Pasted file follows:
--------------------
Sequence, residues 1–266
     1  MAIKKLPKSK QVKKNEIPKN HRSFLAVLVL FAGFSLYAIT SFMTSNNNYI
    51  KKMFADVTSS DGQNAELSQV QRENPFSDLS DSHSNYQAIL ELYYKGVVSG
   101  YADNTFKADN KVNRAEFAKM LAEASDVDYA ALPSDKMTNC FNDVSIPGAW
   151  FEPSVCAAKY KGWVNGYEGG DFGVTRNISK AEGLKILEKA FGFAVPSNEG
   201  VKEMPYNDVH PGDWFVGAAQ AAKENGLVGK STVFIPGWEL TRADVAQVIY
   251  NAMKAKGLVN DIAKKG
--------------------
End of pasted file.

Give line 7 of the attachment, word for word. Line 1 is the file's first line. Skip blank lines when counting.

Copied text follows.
   251  NAMKAKGLVN DIAKKG